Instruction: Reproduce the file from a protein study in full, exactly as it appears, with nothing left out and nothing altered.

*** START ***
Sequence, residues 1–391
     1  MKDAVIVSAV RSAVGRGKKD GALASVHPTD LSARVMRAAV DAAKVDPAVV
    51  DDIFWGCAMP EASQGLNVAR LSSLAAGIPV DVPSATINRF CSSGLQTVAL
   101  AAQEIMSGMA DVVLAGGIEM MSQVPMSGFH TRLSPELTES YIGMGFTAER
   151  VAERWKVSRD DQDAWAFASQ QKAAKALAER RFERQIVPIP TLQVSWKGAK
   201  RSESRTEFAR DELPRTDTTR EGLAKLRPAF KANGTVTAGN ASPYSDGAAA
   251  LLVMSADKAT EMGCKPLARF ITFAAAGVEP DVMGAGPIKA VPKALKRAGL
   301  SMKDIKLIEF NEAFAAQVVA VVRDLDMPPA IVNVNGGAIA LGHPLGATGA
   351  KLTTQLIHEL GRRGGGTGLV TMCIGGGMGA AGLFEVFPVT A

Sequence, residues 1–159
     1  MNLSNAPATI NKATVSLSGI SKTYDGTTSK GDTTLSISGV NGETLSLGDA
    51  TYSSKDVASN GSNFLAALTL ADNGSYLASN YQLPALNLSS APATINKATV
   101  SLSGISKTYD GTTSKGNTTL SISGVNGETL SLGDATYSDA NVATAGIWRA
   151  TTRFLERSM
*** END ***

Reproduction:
Sequence, residues 1–391
     1  MKDAVIVSAV RSAVGRGKKD GALASVHPTD LSARVMRAAV DAAKVDPAVV
    51  DDIFWGCAMP EASQGLNVAR LSSLAAGIPV DVPSATINRF CSSGLQTVAL
   101  AAQEIMSGMA DVVLAGGIEM MSQVPMSGFH TRLSPELTES YIGMGFTAER
   151  VAERWKVSRD DQDAWAFASQ QKAAKALAER RFERQIVPIP TLQVSWKGAK
   201  RSESRTEFAR DELPRTDTTR EGLAKLRPAF KANGTVTAGN ASPYSDGAAA
   251  LLVMSADKAT EMGCKPLARF ITFAAAGVEP DVMGAGPIKA VPKALKRAGL
   301  SMKDIKLIEF NEAFAAQVVA VVRDLDMPPA IVNVNGGAIA LGHPLGATGA
   351  KLTTQLIHEL GRRGGGTGLV TMCIGGGMGA AGLFEVFPVT A

Sequence, residues 1–159
     1  MNLSNAPATI NKATVSLSGI SKTYDGTTSK GDTTLSISGV NGETLSLGDA
    51  TYSSKDVASN GSNFLAALTL ADNGSYLASN YQLPALNLSS APATINKATV
   101  SLSGISKTYD GTTSKGNTTL SISGVNGETL SLGDATYSDA NVATAGIWRA
   151  TTRFLERSM